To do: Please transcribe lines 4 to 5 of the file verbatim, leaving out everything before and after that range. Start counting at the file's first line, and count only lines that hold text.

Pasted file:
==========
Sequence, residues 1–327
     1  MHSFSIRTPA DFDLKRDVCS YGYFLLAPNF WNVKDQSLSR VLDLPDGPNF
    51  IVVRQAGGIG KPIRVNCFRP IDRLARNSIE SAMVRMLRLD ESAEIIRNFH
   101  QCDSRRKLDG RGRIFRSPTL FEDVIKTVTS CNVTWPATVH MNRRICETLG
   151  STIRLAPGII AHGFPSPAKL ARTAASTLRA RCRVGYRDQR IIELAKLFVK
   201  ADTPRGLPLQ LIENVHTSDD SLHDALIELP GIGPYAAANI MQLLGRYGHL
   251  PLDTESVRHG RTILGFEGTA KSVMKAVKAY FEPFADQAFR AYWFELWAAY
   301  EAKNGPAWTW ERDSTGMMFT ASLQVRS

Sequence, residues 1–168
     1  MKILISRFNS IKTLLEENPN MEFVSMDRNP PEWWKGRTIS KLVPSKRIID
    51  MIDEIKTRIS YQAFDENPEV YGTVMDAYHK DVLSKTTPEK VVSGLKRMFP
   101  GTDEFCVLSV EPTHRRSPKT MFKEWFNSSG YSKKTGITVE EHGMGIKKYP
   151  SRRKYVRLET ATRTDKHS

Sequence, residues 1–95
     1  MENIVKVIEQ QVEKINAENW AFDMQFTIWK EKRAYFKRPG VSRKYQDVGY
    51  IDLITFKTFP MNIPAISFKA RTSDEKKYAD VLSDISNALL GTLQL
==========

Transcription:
   101  QCDSRRKLDG RGRIFRSPTL FEDVIKTVTS CNVTWPATVH MNRRICETLG
   151  STIRLAPGII AHGFPSPAKL ARTAASTLRA RCRVGYRDQR IIELAKLFVK